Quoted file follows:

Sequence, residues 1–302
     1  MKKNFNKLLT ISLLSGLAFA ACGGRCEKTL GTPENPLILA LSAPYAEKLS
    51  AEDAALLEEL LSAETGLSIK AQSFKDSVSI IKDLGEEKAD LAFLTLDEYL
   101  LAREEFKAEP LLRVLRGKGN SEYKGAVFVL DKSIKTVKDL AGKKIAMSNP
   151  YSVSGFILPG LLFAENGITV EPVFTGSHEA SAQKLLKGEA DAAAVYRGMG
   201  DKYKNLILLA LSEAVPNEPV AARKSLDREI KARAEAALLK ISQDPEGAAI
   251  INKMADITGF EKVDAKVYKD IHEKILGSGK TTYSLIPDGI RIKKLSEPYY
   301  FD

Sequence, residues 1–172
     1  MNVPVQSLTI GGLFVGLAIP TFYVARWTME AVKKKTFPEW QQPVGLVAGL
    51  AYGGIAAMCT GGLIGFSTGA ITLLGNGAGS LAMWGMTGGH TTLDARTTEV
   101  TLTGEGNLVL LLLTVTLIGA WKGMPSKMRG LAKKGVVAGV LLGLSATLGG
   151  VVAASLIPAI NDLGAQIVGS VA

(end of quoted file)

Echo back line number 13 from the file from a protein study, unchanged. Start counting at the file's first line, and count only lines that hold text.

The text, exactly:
   151  VVAASLIPAI NDLGAQIVGS VA